which yoti never tire because it is the kind you yourself
take part in making.
With scarcely an exception the leading artists of the
Metropolitan and Manhattan Opera Houses have all se
lected Hardman Autotones for their own use in their own
homes. We welcome vou to our store. AV
opportunity to play for you, and to permit you yourself to
play any of these superb instruments. If you have an old piano to exchange, we will allow you
a fair price for it, and terms on the balarfcc may be arranged to meet your convenience.
The Wiley B. Allen Co. offers
for your consideration as superb
and cornplete a line of Player
Pianos in various grades as
America can produce. Note well
their names : KNABE, HARD
Price for Price the world can
not match them in values. They
are designed and made to give
the very most for the money.
Between Fifth and Sixth
The most attractive
place for the good
dresser to supply
his clothing needs.
possess all the excellencies of
style and perfection of fitting
that artistic designer and skilled
tailor can put into clothes. . Get
your'next suit a Chesterfield and
you get real clothes satisfaction.
Suits Priced $20 to $50
273-275 MORRISON
f H Take Nt
It JL A I J IjjTheB.V.D.
m 1 B fay Comfort.
H1 II ' I ft ny route in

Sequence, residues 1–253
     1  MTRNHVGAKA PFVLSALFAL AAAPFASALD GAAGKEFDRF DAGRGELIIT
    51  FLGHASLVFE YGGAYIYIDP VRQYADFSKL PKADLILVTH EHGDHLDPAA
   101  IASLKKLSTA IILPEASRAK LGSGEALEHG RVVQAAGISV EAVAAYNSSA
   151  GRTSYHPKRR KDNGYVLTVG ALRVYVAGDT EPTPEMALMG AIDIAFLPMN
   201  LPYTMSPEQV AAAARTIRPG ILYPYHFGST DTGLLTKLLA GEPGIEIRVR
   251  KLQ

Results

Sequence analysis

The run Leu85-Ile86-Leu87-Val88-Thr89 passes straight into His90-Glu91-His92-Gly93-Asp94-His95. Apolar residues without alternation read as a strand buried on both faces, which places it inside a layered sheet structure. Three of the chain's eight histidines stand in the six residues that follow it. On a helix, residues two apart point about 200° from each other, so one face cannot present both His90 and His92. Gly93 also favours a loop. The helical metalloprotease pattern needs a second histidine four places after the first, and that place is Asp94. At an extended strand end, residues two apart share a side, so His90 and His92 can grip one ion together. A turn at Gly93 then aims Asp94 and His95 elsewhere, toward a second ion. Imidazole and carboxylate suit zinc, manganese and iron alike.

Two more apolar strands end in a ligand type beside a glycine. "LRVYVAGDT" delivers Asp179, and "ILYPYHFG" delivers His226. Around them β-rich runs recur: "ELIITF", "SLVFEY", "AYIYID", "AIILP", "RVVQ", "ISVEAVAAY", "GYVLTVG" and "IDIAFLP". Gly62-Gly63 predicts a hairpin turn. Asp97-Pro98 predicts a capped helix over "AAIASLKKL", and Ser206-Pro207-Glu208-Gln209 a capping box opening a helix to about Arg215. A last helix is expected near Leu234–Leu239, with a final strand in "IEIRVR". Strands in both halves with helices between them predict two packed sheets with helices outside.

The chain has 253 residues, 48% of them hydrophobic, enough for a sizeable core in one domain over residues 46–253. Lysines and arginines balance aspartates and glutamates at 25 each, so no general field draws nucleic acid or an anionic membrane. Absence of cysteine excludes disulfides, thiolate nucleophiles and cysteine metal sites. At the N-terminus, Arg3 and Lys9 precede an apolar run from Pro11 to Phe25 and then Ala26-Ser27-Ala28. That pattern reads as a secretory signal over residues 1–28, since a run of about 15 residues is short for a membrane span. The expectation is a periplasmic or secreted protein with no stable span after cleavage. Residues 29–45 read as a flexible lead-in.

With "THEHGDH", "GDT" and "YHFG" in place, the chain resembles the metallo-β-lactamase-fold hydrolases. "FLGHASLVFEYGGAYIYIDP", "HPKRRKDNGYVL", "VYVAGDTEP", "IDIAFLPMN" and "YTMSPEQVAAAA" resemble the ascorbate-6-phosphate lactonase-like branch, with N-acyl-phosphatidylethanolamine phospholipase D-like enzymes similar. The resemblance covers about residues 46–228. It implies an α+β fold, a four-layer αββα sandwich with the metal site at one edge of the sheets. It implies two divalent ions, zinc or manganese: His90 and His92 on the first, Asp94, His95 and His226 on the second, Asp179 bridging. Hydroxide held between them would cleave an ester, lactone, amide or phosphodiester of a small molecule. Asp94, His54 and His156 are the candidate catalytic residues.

Hi f J Summer Underwear. And,
IB I 111 k sure you are on the right p
lH .- If- ' I'i rac positively certain that
'I J l H TLia'Recl Woven Label
I TsmissiflwilMpiwlMsspfH)injHmmHtHinMKlSfR:; J I s 'JBl jr: J R I T 1
I J,JLuJ,lyufc,!iulllalloliallJliuJUliW:ilJ:J!U IF.. ..TLf .. (H I 1
j J . Trade Mark. Reg. V. S. Pat. Off. I 1
14 sewed on your ?
Loose Fitting:
Coat Cut Undershirts,
,j Knee Length Drawers. f
t (50c. 1.00 and $1.50 a garment.)
If you have never worn B. V. D.. you cannot con- jf
ceive tow delightfully cool, and comfortable jF'
you can be on the hottest Summer day. jT
Siw - The B. V. D. Company,
Vl . New York. .
si Jim i ii - - -i S"'" '" ' "'" '"J"r"''1'"j--- r-'-i.-.l. ,,
San Ftwciscrr" gj
CAL. -a Pi
Analysis rhows that this invigorating
drink contains only about Va Ver cent
alcohol. It is rather extraordinary to
find a beor with, such a low percentage
of z.Icol.ol.
We use that makes OLYMPIA BEKR so
pure and wholesome chemically perfect
water for brewing purposes, pumped
from cur bubbling artesian wells.
If you want a Summer drink that is the
epitome of purity and health-giving prop
erties, telephone for a case of OLYMPIA.
Phone Main 671 or A 2467.
Olympia Beer Agency